Written by: Ally Lahey, Citizen Science Coordinator
Colder temperatures mean one thing: winter is on its way. For animals and people, that means a lot of prep-work. Turtles are no exception. In fact, turtles use some incredibly unique methods to get through the winter. From using their rear-ends to breath, to forgoing oxygen altogether, and even using their shells as “Tums” to aid cramps, turtles have come up with fascinating solutions for freezing temperatures. The amazing things they do in order to survive the winter proves that turtles are, quite literally, the coolest!
Before we jump into all the amazing facts about how turtles overwinter, let’s review the basics.
Turtles are ectotherms, or “cold blooded.” This means that instead of producing their own body heat, ectotherms rely on their environments. So, whatever temperature it is in its surroundings, is the same as the internal temperature of a turtle (or any ectotherm). That’s why you’ll see turtles basking on logs or on the sides of roads—that’s how they get warm and allow their bodies to regulate normally. Since turtles rely on their surroundings for their internal body temperatures, that means that when the temperatures start getting colder, turtles get just as cold. The implications of being an ectotherm has led to the strategy turtles have developed in order to make it through the winter.
Adult turtles are not able to survive anything below 0° C, because the water in their bodies would crystallize and expand- and they would freeze to death. Therefore, turtles have to find places that are just above freezing temperatures to spend the winter. Luckily, deeper bodies of water such as ponds, lakes, and wetlands don’t freeze all the way through. Often, if the water is deep enough, only the part of the water closest to the surface freezes and forms a sheet of ice; meanwhile, the water below, near the bottom of lakes and ponds, remains above 0° C. This is lucky for turtles. However, turtles still have to adjust and adapt to being so cold.
Unlike us endotherms that can regulate their own temperature internally (most animals and humans too), turtles can’t put on layers to stay warm. When they get cold, everything slows down in their bodies. Their metabolism hits the breaks dramatically, their hearts slow down and beat extremely slowly at one beat every few minutes! They also have reduced immune-system functions and are more prone to any diseases. And during hibernation, they don’t require as much oxygen.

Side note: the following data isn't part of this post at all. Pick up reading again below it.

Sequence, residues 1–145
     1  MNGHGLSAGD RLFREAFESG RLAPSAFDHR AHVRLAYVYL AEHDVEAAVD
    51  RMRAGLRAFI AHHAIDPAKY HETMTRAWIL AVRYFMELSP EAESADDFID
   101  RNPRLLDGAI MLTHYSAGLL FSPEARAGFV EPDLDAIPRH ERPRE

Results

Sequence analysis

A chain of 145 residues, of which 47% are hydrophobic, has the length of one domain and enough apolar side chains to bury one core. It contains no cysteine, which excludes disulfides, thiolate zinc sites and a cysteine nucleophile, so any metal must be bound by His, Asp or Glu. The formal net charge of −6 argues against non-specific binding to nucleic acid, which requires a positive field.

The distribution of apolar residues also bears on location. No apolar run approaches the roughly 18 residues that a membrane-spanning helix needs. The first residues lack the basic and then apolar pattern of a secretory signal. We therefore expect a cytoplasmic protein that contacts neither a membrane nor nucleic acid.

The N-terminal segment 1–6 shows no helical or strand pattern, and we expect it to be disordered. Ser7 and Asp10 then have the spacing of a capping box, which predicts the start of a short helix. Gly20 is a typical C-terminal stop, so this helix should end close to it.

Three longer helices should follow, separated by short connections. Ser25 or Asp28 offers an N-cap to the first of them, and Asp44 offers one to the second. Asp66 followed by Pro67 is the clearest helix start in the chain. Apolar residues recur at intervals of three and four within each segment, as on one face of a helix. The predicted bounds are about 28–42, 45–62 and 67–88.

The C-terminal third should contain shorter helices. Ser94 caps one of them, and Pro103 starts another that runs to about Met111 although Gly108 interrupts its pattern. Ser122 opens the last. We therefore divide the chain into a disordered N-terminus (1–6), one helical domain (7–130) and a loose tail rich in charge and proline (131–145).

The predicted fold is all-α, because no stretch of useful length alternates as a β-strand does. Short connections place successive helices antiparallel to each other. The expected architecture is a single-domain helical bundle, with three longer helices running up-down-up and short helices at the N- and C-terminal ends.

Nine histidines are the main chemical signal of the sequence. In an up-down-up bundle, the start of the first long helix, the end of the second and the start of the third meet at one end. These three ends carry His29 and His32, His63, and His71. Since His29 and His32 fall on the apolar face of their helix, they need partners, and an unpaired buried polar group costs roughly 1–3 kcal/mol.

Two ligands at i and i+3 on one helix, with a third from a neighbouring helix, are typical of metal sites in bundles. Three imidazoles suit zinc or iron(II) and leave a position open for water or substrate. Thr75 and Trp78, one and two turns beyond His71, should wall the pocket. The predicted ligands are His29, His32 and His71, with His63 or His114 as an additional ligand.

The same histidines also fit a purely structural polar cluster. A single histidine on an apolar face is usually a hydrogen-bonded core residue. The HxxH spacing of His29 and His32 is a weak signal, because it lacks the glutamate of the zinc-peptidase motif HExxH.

Not needing to breath normally is pretty handy, considering there’s a thick brim of ice preventing them from coming up for air. So how do turtles breathe if they can’t come to the top of the water to fill their lungs with oxygen? The answer is fascinating. During hibernation turtles will develop highly vascularized tissue on their bodies that allows oxygen to be absorbed through their skin. The area that experiences this vascularization the most is in their cloaca- the cloaca is basically their bum! That’s right. You read that correctly. During hibernation, turtles breathe through their rear-ends. The formal term for this is “cloacal respiration.”
Unfortunately, even with their fancy schmancy “cloacal respiration” getting through the cold months comes with other obstacles bum-breathing can’t solve. Quite often, the bodies of water that turtles will overwinter in have other creatures in it too. That means that the oxygen underneath the ice is limited, and it can run out completely. Also, if water bodies that they are wintering in experience changes in water depth over the winter from dam-drawdowns, this can limit the oxygen further.